Posts Tagged ‘play to find out’

Just a quick post to jot down an idea I had… I really like the idea of play-by-email / play-by-post games, because it really suits a player like me with a busy calendar. You take turns at a leisurely pace, and also at your own convenience rather than needing to get a group of people all together at the same time (and, often, in the same place).

But! I’ve never seen it work for an emergent-story game. I’ve seen it done for tactical games where you e.g. send commands to your army / heroes and you try to win the scenario; I’ve seen it done for games where the GM has pre-written the significant points of the story; I haven’t seen a framework like this matched with a game designed to generate a story.

I’m not sure how well this will work. Will the impersonal nature of remote / disconnected play draw the game into tactics rather than narrative? Will the framework be able to pace the story well despite the flexible and low-commitment schedule? Will the creativity be lost without other players’ ideas right there to bounce off?

I’ve no idea. I’m gonna make it and find out.

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Ok I know I’m being really slack on the blog at the moment. I’ll be back soon I promise! I’ve been doing a whole bunch of gaming and I have lots of Thoughts to dump.

In the meantime, here’s a quote I just came across which I thought was a brilliant metaphor for the sort of play I like. (Thanks to Carl Rigney who sent it to me along with a whole lot of great advice for running Apocalypse World as a one-off rather than as a campaign.)

“It’s like pinball! Like a pinball table. The inclined plane
is the game’s fiction, the marble is the moment of play, and
all the paddles and wheels and bumpers and light-ups and flags
and whatever are the moves. Their job is to give energy to the
marble, make it go faster, with spin, in different directions,
unpredictably and excitingly. As player, you have more or less
control over your own set of paddles, your own moves, but none
of them let you really drive the ball.”

— Vincent Baker re Apocalypse World

Now that’s what I want from a roleplaying game.

Over on the RPG Theory Primer (which I’ll be touting from now till the end of time – fair warning), I mention the idea of “El Dorado”, a term that’s been coined to refer to the ideal some gamers hold where their game is both Simulationist and Narrativist. (Check the primer for links to explain those concepts.)

As I’ve read more about these terms, and been exploring my own games for understanding of the theory, I think I’ve clicked the essential difference between the two – and I’d like to put that up here.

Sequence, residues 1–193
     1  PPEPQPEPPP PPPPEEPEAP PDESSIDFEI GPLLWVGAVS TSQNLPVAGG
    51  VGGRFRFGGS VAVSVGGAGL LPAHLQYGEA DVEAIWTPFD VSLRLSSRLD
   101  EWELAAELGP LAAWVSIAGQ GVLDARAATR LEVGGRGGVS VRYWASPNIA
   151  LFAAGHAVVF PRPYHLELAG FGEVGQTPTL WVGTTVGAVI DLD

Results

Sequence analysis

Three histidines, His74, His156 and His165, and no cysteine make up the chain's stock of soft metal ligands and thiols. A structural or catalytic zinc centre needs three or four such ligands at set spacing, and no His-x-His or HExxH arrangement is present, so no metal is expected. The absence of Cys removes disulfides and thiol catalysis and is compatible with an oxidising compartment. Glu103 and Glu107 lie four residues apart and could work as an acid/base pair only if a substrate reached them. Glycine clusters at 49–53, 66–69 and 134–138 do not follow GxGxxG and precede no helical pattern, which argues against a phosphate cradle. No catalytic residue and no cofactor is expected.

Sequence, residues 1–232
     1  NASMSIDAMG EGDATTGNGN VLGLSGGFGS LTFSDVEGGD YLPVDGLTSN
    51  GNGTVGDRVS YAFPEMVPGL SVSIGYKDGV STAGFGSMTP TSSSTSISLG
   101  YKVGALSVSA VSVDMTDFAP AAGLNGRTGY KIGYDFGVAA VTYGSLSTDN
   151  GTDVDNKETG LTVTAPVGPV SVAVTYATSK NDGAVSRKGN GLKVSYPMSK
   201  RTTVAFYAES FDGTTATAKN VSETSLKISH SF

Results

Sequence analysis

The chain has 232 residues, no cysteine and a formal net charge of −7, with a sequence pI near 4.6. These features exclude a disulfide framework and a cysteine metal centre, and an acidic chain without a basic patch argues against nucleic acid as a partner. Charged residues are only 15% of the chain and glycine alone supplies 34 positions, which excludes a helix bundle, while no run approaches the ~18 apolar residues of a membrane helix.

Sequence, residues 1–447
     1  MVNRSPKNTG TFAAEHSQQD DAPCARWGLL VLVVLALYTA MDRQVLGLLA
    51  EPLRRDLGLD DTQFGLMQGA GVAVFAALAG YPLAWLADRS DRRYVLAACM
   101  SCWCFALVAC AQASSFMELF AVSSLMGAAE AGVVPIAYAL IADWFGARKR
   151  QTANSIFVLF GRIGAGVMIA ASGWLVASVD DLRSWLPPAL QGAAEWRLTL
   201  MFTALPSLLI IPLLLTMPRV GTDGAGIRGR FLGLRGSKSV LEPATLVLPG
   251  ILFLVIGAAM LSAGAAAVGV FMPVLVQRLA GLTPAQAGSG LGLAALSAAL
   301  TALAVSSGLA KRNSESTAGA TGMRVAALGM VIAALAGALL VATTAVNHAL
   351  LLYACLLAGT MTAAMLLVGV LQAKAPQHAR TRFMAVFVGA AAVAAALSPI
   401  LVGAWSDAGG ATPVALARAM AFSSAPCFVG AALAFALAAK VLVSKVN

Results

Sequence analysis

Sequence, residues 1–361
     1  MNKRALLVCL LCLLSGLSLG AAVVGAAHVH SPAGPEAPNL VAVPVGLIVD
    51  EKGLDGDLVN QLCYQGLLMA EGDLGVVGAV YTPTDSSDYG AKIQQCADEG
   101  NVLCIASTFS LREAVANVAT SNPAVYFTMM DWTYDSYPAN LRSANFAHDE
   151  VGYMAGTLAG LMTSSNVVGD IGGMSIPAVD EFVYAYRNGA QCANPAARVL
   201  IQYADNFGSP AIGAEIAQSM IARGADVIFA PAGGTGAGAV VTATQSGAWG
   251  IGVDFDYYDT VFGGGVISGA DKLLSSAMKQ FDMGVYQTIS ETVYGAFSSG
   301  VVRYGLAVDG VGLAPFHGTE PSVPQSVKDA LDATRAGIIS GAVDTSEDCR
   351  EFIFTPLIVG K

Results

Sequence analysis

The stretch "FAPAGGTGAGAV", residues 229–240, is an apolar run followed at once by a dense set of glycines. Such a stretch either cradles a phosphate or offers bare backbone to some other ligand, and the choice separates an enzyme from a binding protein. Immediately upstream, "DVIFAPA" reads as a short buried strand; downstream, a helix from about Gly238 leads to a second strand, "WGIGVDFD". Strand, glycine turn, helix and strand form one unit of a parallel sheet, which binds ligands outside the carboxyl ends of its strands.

Disclaimer: Maybe I’m wrong. Maybe I’ve just misunderstood the theory. That’s cool. Whether or not it’s right for Simulationism / Narrativism, I still think the distinction I’m drawing is a useful one as it’s a concrete difference that affects people’s play preferences.

Disclaimer 2: I’m pretty sure I’m late to the party on this. Ah well. Looks like there’s still plenty of cake left.

Ok, so here we go.

The key factor is the point at which the story content is created. Simulationism is about exploration – exploring material that has been created beforehand, often by a GM. A lot of games will encourage players (including the GM) to make up stuff on the fly where suitable, but if that stuff they’re allowed to make up doesn’t include decisions about where the plot is going (for example, because the GM has written the plot before play), then it isn’t Narrativism. Narrativism, by contrast, is about creating the story / plot right there, in-play, through the actions of the characters.

So that’s it. Are you exploring a story that’s already been created? Then it’s Simulationism. Creating a story in play, with no-one forcing it in a pre-prepared direction? Narrativism.

Simple, right? Maybe. A few clarifications, though, as I think it’s quite easy to misunderstand this point.

Clarification 1: Just because a game pays attention to “a good story” doesn’t make it Narrativism. A GM can write a good story up-front and then let the players run through it – that’s not creating the story in-play, and hence not Narrativism. Similarly, games that pay attention to believable in-game causality are not necessarily Simulationist. Most games do this to an extent, to keep the players’ suspension of disbelief active. A Simulationist game is one in which the primary goal of play is to explore simulated material that has been created beforehand.

(Yeah, I think the names are slightly misleading. “Simulationism” to me implies accurate simulation is the focus – but most games need that to an extent. “Narrativism” implies strong narrative – and again, a lot of games want that. Ron Edwards, the developer of much of this theory, realised this and renamed them to phrase-based descriptions, “The Right to Dream” and “Story Now” respectively. Personally I’d refer to them as Exploration and Authorship.)

Clarification 2: Naturally, a game will almost always have a mixture of the two in its flow. Even the most hardcore story-prepared GM will normally allow a bit of leeway in how that story is approached. Even a strongly written-through-play game will usually have bits of content prepared by the GM. However, for the key story-defining plot decisions, it’s rare (in my experience) to see a game pick and choose between the two. Either the GM (or, sometimes, other players) have pre-decided where it’s going, or the group finds out only through playing the game. For any specific decision, the two are mutually exclusive, and how much time you spend on each is a matter of preference.

Does that all make sense? Does it ring true? Anyone think this is accurate, but nothing to do with Narrativism / Simulationism?